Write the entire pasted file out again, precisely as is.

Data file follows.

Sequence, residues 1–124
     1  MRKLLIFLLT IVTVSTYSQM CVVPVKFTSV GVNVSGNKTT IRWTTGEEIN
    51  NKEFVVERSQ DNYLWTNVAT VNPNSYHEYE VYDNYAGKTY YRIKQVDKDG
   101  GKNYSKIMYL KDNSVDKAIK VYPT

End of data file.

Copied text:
Sequence, residues 1–124
     1  MRKLLIFLLT IVTVSTYSQM CVVPVKFTSV GVNVSGNKTT IRWTTGEEIN
    51  NKEFVVERSQ DNYLWTNVAT VNPNSYHEYE VYDNYAGKTY YRIKQVDKDG
   101  GKNYSKIMYL KDNSVDKAIK VYPT